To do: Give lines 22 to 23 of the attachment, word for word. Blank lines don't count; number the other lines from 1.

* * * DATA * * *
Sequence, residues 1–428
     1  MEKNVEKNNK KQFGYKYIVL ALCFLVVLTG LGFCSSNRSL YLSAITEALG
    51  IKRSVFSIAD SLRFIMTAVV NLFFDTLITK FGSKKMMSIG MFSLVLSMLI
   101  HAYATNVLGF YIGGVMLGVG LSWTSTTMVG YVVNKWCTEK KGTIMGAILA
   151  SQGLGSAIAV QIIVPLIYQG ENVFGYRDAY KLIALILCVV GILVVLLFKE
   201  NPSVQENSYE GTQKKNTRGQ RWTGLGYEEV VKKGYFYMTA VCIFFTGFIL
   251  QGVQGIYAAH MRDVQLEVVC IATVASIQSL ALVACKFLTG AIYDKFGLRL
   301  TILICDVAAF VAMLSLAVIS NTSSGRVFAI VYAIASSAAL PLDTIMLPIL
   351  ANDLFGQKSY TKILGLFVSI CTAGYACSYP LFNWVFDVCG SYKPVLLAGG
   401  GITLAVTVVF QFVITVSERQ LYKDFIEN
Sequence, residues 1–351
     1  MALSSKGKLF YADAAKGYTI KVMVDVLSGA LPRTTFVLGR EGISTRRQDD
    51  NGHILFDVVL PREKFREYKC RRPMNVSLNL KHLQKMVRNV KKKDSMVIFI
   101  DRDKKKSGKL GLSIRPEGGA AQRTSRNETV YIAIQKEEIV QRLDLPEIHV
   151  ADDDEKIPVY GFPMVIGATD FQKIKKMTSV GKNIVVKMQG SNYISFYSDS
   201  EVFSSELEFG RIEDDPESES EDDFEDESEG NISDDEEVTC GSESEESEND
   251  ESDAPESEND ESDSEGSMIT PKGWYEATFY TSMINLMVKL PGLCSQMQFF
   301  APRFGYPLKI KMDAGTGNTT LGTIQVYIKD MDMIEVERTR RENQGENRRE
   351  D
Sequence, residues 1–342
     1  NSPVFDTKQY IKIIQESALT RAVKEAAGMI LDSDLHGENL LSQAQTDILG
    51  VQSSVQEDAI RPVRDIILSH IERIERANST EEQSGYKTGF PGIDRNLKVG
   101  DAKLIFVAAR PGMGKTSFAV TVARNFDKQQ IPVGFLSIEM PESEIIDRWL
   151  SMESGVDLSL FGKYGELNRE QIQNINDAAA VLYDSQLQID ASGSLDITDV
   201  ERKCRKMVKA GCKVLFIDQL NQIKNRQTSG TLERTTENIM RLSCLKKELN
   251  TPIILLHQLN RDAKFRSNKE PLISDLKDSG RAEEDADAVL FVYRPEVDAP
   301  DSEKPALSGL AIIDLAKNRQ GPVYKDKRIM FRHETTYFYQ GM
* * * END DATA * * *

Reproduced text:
    51  VQSSVQEDAI RPVRDIILSH IERIERANST EEQSGYKTGF PGIDRNLKVG
   101  DAKLIFVAAR PGMGKTSFAV TVARNFDKQQ IPVGFLSIEM PESEIIDRWL